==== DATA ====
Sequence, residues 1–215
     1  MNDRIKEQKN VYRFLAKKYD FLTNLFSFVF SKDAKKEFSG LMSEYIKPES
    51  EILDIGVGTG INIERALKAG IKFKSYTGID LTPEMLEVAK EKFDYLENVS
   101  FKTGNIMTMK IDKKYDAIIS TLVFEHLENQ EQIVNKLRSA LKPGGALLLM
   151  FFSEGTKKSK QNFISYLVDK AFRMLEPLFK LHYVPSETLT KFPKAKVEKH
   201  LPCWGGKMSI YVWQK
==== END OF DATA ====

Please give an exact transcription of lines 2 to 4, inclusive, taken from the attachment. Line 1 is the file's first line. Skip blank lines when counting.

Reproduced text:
     1  MNDRIKEQKN VYRFLAKKYD FLTNLFSFVF SKDAKKEFSG LMSEYIKPES
    51  EILDIGVGTG INIERALKAG IKFKSYTGID LTPEMLEVAK EKFDYLENVS
   101  FKTGNIMTMK IDKKYDAIIS TLVFEHLENQ EQIVNKLRSA LKPGGALLLM